LD prefix symbols    : obj_zpciprefix

This is the interesting part. At this point, we have established that we need the rtl8139 driver (i.e. rtl8139.o) and the decompressing PCI prefix (i.e. zpciprefix.o). Our build system (via the compiler.h header file) arranges that every object exports a symbol obj_<object>; this can be seen by e.g.

        objdump -t bin/rtl8139.o

which will show the line

        00000000 g       *ABS*  00000000 obj_rtl8139

By instructing the linker that we need the symbols obj_rtl8139 and obj_zpciprefix, we can therefore ensure that these two objects are included in our build. (The linker will also include any objects that these two objects require, since that's the whole purpose of the linker.)

In a similar way, we always instruct the linker that we need the symbol obj_config, in order to include the object config.o. config.o is used to drag in the objects that were specified via config.h; see config.h.

        LD target flags      :  -u obj_zpciprefix --defsym check_obj_zpciprefix=obj_zpciprefix   -u obj_rtl8139 --defsym check_obj_rtl8139=obj_rtl8139   -u obj_config --defsym check_obj_config=obj_config  --defsym pci_vendor_id=0x1186 --defsym pci_device_id=0x1300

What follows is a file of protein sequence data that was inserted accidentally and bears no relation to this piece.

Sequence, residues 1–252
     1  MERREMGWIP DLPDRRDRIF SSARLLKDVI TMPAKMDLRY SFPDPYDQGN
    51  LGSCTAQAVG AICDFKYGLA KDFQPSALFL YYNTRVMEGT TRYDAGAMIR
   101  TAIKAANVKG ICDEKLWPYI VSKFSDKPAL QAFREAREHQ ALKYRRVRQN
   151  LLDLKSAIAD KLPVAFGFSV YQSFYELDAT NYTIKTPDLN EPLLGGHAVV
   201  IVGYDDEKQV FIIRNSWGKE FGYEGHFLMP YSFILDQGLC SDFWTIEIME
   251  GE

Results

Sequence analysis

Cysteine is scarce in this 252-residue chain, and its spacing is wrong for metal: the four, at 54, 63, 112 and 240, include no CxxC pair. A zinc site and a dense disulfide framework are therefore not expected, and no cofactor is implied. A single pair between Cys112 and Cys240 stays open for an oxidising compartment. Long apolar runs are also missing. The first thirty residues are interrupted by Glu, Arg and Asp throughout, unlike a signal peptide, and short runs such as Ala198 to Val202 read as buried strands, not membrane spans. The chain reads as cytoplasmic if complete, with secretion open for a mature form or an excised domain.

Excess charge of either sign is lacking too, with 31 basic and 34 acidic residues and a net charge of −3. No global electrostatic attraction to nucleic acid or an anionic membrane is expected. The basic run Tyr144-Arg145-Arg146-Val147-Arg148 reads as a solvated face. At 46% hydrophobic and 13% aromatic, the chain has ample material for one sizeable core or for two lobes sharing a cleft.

These are the flags that we pass to the linker in order to include the objects that we want in our build, and to check that they really get included. (This latter check is needed to work around what seems to be a bug in ld).

The linker does its job of linking all the required objects together into a coherent build. The best way to see what is happening is to look at one of the resulting linker maps; try, for example

        make bin/dfe538.dsk.map

The linker map includes, amongst others:

It is worth spending time examining the linker map to see how an Etherboot image is assembled.

Whatever format is selected, the Etherboot image is built into an ELF file, simply because this is the default format used by ld.

Finalisation

Overview

The ELF file resulting from linking needs to be converted into the final binary image. Usually, this is just a case of running

        objcopy -O binary <elf file> <output file>

to convert the ELF file into a raw binary image. Certain image formats require special additional treatment.

ROM images

ROM images must be rounded up to a suitable ROM size (e.g. 16kB or 32kB), and certain header information such as checksums needs to be filled in. This is done by the makerom.pl program.

Debugging-enabled builds